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Breast cancer survivor Ingrid Woods of Eldersburg has helped young women with breast cancer since her own battle with the disease.
Breast cancer survivor Ingrid Woods of Eldersburg has helped young women with breast cancer since her own battle with the disease. (Courtesy Photo)

Black women face troubling discrepancies when it comes to breast cancer diagnoses and outcomes, but locals and organizations like Susan G. Komen are working to push back against those statistics.

“Black women in America are dying from breast cancer at unacceptable rates and are more than 40 percent more likely to die from breast cancer than white women,” said Kim Schmulowitz, communications and marketing director for Susan G. Komen Maryland. “In communities across the United States, black women are diagnosed at a younger age, and at later stages and with more aggressive forms of the disease. When they’re diagnosed at a later stage, then that limits the treatment options.”

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Even though black women have a higher mortality rate, they are diagnosed at about the same rates as white women, Schmulowitz said.

The reasons behind this statistic aren’t currently proven, but there are some ideas as to why this came to be.

“We are suspecting that there are many reasons ranging from barriers to health care, socioeconomic issues, as well as biological and cultural beliefs," Schmulowitz said. "There is evidence in the research that the following factors contribute to differences in survival, and that includes differences in tumor biology and tumor genetics prevalence of risk factors, health behaviors, and later stage of breast cancer diagnosis.”

Breast cancer survivor Ingrid Woods of Eldersburg has helped young women with breast cancer since her own battle with the disease.

Woods, who is black, said that because she is a breast cancer survivor people ask her for advice, and she offers her time to help them — not just with advice but with support by accompanying other women to doctor appointments after they’ve been diagnosed.

“I’ll be glad to give them either advice or things that I’ve gone through, also referral information from my doctor," she said. "So, it’s great to be a resource for other women because you have gone through the same thing yourself.”

One way Susan G. Komen has been trying to help black women fight against the racial discrepancies in breast cancer statistics is through its Know Your Girls campaign.

“A study field by the Ad Council found that 92 percent of black women agree that breast health is important. Yet only 25 percent have recently discussed breast health with their family, friends or colleagues, and only about 17 percent have taken steps to understand their risk for breast cancer,” Schmulowitz said. “So there’s a little bit of a disconnect there, and that’s why Komen and the Ad Council started this program last year called Know Your Girls, which aims to educate and inspire black women to take charge of their breast health and understand their breast cancer risk by giving them information and tools that can promote early detection in that community. Therefore, when you get breast cancer detected earlier, it’s much more likely to be treated successfully and therefore save lives.”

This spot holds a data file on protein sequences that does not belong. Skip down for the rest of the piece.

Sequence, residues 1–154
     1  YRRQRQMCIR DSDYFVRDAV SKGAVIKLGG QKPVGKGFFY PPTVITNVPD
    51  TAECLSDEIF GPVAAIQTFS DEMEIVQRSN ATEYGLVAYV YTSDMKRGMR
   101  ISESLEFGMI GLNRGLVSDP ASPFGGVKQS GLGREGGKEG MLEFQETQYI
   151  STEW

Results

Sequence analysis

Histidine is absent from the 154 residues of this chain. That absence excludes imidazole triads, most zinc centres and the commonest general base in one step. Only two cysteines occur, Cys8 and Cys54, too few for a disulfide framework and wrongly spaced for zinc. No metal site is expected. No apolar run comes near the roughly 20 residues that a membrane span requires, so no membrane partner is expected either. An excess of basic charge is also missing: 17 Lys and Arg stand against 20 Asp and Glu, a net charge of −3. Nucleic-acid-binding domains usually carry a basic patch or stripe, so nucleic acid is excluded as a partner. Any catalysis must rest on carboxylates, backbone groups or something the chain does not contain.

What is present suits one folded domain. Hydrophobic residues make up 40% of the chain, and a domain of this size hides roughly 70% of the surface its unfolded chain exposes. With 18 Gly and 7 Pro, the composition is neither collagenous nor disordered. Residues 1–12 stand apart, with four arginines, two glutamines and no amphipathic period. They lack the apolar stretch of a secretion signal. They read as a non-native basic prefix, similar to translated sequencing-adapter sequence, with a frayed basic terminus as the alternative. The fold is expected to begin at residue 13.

Know Your Girls is part of a bigger goal by Susan G. Komen to reduce the current number of breast cancer deaths by 50 percent by 2026.

“The Know Your Girls campaign introduces breast cancer education through a celebration of the powerful sisterhood between black women,” Lisa Sherman, president and CEO of the Ad Council, said in a news release. “Instead of focusing on fear, the campaign provides tools and information that can help black women feel ownership around their breast health and encourages the sharing of those resources and messages with the women who support them throughout their lives."

Woods was diagnosed with stage two breast cancer in 2016, then she fought through four rounds of chemotherapy, a double mastectomy and reconstructive surgery. Woods has now been cancer free for about three years. She works for Baltimore Gas and Electric Co., which she thanks for supporting her during her battle by allowing her time off for doctor’s appointments and treatments.

Woods also attributes the outcome of her battle against breast cancer in part to support from her doctor and her husband.

“I’m very blessed to have a very supportive husband, he’s been right there with me all along," she said. “I’ve had a great cooperation from my job; I work for BGE, I’ve been there for 32 years and I’ve got great support from the top down."

Woods is also happy to advocate and support Susan G. Komen. In 2018, Woods began a race team, “Woods Warriors,” and has raised over $6,000 for Susan G. Komen.

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“I was a very serious advocate for Susan G. Komen because I was really impressed with the work that they do and they have done," Woods said. “I had about 20 people on my team and we raised thousands of dollars and it was great.”

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